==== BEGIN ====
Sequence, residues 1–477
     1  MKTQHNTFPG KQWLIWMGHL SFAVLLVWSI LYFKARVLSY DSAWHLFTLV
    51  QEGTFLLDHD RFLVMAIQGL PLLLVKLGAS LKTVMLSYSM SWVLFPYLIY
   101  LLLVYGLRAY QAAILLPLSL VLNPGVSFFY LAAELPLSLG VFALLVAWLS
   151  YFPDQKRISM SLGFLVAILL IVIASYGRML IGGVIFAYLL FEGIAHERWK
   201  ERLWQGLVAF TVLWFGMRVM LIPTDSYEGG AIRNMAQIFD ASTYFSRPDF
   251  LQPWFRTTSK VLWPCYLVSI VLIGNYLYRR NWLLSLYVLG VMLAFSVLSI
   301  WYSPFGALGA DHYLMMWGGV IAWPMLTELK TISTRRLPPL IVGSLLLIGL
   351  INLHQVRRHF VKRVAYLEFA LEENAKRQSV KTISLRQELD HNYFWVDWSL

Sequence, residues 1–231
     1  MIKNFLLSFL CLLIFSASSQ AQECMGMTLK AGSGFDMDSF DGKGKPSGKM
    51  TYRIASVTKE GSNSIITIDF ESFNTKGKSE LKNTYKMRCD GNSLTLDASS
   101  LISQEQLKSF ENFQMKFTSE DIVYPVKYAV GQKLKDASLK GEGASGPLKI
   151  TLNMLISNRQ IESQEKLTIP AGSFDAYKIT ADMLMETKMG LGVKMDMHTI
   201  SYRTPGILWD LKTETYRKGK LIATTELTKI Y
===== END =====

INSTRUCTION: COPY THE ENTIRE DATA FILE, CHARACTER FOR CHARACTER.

Sequence, residues 1–477
     1  MKTQHNTFPG KQWLIWMGHL SFAVLLVWSI LYFKARVLSY DSAWHLFTLV
    51  QEGTFLLDHD RFLVMAIQGL PLLLVKLGAS LKTVMLSYSM SWVLFPYLIY
   101  LLLVYGLRAY QAAILLPLSL VLNPGVSFFY LAAELPLSLG VFALLVAWLS
   151  YFPDQKRISM SLGFLVAILL IVIASYGRML IGGVIFAYLL FEGIAHERWK
   201  ERLWQGLVAF TVLWFGMRVM LIPTDSYEGG AIRNMAQIFD ASTYFSRPDF
   251  LQPWFRTTSK VLWPCYLVSI VLIGNYLYRR NWLLSLYVLG VMLAFSVLSI
   301  WYSPFGALGA DHYLMMWGGV IAWPMLTELK TISTRRLPPL IVGSLLLIGL
   351  INLHQVRRHF VKRVAYLEFA LEENAKRQSV KTISLRQELD HNYFWVDWSL

Sequence, residues 1–231
     1  MIKNFLLSFL CLLIFSASSQ AQECMGMTLK AGSGFDMDSF DGKGKPSGKM
    51  TYRIASVTKE GSNSIITIDF ESFNTKGKSE LKNTYKMRCD GNSLTLDASS
   101  LISQEQLKSF ENFQMKFTSE DIVYPVKYAV GQKLKDASLK GEGASGPLKI
   151  TLNMLISNRQ IESQEKLTIP AGSFDAYKIT ADMLMETKMG LGVKMDMHTI
   201  SYRTPGILWD LKTETYRKGK LIATTELTKI Y